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News18 » Lifestyle » Food
1-min read

Most People Think Being Vegetarian is for Super Health

Main motivation for non-vegetarians to consider being vegetarian is health, with environmental and animal rights motives being less common.

IANS

Updated:April 5, 2020, 12:53 PM IST
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Most People Think Being Vegetarian is for Super Health
New research adds to the growing body of evidence that eating a plant-based diet can help boost heart health. (Photo courtesy: AFP Relaxnews/ andresr/ Istock.com)

What motivates non-vegetarians to follow a plant-based diet? Most people who consider becoming vegetarian do so for their health, say researchers, adding that, environment and animal rights was less motivational.

"The most common reason people say they would consider being vegetarian has to do with health," said study co-author Christopher J Hopwood, Professor at the University of California, Davis in the US.

According to the researchers, eating is an important day to day behaviour at the interface of individual differences, social dynamics, economics, health, and ethics.

Vegetarianism has emerged as a significant dietary movement in Western cultures.For the findings, published in the journal PLOS ONE, the research team surveyed 8,000 people of various ages and ethnicities, in two languages, in both the US and Holland, to help determine why non-vegetarians decide to become vegetarian.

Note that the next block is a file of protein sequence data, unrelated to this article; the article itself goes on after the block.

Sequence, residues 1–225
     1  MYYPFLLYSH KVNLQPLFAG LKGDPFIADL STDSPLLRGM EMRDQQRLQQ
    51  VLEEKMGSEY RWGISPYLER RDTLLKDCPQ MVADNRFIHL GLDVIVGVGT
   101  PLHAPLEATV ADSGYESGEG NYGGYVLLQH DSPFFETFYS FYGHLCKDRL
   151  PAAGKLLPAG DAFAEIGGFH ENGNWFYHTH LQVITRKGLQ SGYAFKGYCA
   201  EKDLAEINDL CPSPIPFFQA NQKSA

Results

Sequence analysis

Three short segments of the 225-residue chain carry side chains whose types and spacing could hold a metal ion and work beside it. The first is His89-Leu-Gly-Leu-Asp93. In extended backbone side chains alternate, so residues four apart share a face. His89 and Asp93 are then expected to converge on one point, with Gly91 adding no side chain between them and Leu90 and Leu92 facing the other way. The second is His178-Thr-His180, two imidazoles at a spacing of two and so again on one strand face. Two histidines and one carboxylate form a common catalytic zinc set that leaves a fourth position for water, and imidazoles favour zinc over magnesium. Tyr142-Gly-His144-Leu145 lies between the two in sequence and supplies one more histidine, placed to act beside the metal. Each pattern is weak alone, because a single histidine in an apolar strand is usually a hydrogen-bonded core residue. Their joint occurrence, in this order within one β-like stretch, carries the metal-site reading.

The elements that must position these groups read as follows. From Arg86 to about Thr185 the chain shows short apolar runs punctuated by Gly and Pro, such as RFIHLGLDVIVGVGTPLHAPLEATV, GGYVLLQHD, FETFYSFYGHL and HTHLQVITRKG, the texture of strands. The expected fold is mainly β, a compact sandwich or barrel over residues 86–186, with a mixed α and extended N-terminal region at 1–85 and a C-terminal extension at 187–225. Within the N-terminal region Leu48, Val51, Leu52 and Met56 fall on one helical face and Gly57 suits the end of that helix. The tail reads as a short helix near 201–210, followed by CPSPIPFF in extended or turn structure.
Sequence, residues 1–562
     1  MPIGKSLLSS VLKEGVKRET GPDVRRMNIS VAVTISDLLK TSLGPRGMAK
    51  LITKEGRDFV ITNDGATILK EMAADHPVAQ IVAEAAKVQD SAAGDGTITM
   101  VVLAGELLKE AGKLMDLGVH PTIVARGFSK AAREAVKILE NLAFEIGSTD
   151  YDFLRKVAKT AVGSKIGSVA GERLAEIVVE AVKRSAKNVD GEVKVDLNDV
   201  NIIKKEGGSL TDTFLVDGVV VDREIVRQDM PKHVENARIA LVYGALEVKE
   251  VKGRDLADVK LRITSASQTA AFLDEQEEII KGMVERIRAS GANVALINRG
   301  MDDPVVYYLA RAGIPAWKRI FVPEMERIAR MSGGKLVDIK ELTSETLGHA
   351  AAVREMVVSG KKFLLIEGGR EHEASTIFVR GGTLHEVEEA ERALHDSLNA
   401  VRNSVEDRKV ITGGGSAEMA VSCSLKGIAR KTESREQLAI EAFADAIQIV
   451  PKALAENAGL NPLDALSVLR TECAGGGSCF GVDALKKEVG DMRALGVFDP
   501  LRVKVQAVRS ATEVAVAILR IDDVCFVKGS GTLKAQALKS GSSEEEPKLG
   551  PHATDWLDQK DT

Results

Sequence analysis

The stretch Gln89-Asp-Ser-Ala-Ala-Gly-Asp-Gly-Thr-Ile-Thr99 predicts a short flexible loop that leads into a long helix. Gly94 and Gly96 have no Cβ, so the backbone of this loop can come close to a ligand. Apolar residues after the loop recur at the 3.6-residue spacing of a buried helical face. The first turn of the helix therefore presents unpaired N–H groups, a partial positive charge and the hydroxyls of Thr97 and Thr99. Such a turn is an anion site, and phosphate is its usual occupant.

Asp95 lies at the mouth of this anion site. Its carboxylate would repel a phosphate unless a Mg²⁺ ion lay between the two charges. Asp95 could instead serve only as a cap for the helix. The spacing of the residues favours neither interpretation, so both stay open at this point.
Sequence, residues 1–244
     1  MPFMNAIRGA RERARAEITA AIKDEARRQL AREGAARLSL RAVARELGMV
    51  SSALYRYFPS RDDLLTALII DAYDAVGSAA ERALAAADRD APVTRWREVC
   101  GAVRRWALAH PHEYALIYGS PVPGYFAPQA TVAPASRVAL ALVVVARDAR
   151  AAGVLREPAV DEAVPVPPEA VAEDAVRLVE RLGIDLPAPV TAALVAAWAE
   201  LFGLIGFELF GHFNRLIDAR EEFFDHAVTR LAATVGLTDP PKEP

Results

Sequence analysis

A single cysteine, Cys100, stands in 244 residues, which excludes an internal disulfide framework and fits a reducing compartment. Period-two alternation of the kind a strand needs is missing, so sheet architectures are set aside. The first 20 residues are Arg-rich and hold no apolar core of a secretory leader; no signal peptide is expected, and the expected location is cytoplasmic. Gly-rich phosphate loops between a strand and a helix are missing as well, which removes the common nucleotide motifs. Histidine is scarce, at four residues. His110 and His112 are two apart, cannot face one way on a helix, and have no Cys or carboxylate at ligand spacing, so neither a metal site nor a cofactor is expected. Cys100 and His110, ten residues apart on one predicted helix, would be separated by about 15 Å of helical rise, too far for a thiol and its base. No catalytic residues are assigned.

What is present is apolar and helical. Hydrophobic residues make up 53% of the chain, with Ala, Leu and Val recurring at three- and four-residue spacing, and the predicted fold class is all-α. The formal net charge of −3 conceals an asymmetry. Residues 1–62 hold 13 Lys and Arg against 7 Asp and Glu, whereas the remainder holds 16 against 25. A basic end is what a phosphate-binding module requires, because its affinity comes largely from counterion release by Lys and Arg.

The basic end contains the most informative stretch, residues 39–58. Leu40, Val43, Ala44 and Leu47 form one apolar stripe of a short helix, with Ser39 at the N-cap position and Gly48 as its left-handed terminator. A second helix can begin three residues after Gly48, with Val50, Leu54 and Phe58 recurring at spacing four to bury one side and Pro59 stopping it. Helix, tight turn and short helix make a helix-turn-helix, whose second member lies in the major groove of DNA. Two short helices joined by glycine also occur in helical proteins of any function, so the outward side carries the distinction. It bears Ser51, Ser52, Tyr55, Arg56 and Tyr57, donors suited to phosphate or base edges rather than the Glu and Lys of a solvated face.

In this study, they developed the Vegetarian Eating Motives Inventory (VMI), a brief and psychometrically robust measure of the three main motives for adopting a plant-based diet: health, the environment, and animal rights.

The results showed that the main motivation for non-vegetarians to consider being vegetarian is health, with environmental and animal rights motives being less common. However, people who are most committed to a vegetarian diet were most motivated by the environment or animal rights.

The researchers found that health motives were associated with conventionality and masculinity, whereas people who cite environmental or animal rights motives tend to be curious, open to experience, likely to volunteer and interested in the arts.

"Based on these results, advocacy groups could target certain kinds of people -- maybe advertise health benefits at a gym or church service, but environmental or animal rights perspectives at a museum or concert," Hopwood said.

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